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Astrophysics 102: Extragalactic Globular Clusters

February 19, 2011

Christine over at Cosmic Rays has a very interesting post on new research into the globular cluster system of one of our nearest neighbouring galaxies, M31, the Andromeda Galaxy:

M31 (Image: Tony Hallas)

In our own Milky Way, globular clusters are found in a halo surrounding our galaxy:

Globular Clusters in our Galaxy (Image: Atlas of the Universe)

And unsurprisingly, as Catherine reports, the same situation exists in other galaxies, although the numbers of globular clusters per galaxy varies widely (and appears to be a function of the physical laws of the universe, galaxy mass and galactic evolution).

M13, a galactic Globular Cluster (Image: Yuugi Kitahara)

Leaving aside their obvious beauty and their impressive physical properties, unlike a lot of the objects I’ve been blogging about, globular clusters can be seen in instruments as small as binoculars, and even in small telescopes they put on a phenomenal show. Furthermore, some of M31’s globular clusters can also (just) be viewed in amateur telescopes.

But did you know that some of our own galaxy’s globular clusters are actually invaders from another galaxy? Studies of cluster kinematics & metallicity have found that the galactic globular cluster M54 actually belongs to the Sagittarius dwarf galaxy:

The Sagittarius dwarf galaxy (Image: NASA)

The Sagittarius dwarf galaxy is one of the closest (and faintest – it wasn’t discovered until 1994!) satellite galaxies of our own, and M54 is thought to lie in the nucleus of said galaxy; there are also 3 other “galactic” globular clusters associated with the Sagittarius dwarf galaxy(Layden & Sarajedini 1997, ADS/arXiv); indeed it has also been suggested (e.g. Caretta et al. 2010, ADS/arXiv) that certain other galactic globulars are the “stripped” remains of former galaxies devoured by the Milky Way in the past, although the jury is still out on their claims, to say the least.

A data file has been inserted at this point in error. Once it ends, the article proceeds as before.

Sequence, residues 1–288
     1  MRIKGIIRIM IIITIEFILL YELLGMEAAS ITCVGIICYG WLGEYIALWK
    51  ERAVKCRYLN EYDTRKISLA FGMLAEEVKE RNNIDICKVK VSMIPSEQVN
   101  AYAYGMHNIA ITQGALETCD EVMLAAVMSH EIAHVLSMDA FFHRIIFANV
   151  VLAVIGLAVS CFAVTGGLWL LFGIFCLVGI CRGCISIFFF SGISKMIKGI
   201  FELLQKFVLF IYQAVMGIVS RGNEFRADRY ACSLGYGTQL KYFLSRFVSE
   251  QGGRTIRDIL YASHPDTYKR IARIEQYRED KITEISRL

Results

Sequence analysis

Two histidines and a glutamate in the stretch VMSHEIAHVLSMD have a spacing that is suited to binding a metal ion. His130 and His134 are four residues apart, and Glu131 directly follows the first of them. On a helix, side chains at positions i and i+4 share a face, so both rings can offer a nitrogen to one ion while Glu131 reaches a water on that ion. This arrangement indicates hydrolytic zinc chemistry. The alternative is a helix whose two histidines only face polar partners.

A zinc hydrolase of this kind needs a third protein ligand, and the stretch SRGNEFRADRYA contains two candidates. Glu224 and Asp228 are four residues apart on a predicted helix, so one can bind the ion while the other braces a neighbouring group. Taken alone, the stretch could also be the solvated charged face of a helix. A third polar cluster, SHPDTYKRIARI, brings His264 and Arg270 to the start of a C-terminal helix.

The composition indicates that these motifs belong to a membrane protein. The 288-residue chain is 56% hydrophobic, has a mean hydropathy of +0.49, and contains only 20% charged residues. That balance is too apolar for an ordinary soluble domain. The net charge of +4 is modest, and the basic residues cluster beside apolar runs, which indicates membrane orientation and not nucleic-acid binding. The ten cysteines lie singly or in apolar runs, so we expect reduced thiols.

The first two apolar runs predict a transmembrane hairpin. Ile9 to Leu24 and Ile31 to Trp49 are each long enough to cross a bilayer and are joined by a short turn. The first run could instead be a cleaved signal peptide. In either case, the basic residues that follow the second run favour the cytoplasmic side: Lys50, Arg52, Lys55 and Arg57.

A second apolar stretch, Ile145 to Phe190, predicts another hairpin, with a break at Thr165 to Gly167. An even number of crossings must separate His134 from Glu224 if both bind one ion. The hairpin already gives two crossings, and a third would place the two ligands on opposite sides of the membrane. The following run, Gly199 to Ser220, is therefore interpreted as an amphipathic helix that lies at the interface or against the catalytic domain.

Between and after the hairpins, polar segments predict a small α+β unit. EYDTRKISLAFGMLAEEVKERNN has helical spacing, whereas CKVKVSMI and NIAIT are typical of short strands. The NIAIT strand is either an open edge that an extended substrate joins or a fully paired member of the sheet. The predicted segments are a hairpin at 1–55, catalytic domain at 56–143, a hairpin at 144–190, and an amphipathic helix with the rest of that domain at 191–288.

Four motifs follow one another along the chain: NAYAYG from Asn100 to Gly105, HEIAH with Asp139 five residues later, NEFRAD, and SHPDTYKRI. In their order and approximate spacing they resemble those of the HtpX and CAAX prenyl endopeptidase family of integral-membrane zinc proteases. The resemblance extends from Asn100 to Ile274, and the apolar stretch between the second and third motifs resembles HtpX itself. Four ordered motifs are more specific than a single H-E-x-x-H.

But in the meantime, in a few months time (if you’re in the Northern Hemisphere), if you have binoculars or a small telescope, and a good southern horizon, take a look out for M54, sitting just inside the handle of the “teapot” of Sagittarius and remember that the stars therein originated in another galaxy altogether.

The location of M54 within Sagittarius (Image: Torsten Bronger)


Layden, A., & Sarajedini, A. (1997). The Globular Cluster M54 and the Star Formation History of the Sagittarius Dwarf Galaxy The Astrophysical Journal, 486 (2) DOI: 10.1086/310848

Carretta, E., Bragaglia, A., Gratton, R., Lucatello, S., Bellazzini, M., Catanzaro, G., Leone, F., Momany, Y., Piotto, G., & D’Orazi, V. (2010). Detailed abundances of a large sample of giant stars in M 54 and in the Sagittarius nucleus Astronomy and Astrophysics, 520 DOI: 10.1051/0004-6361/201014924

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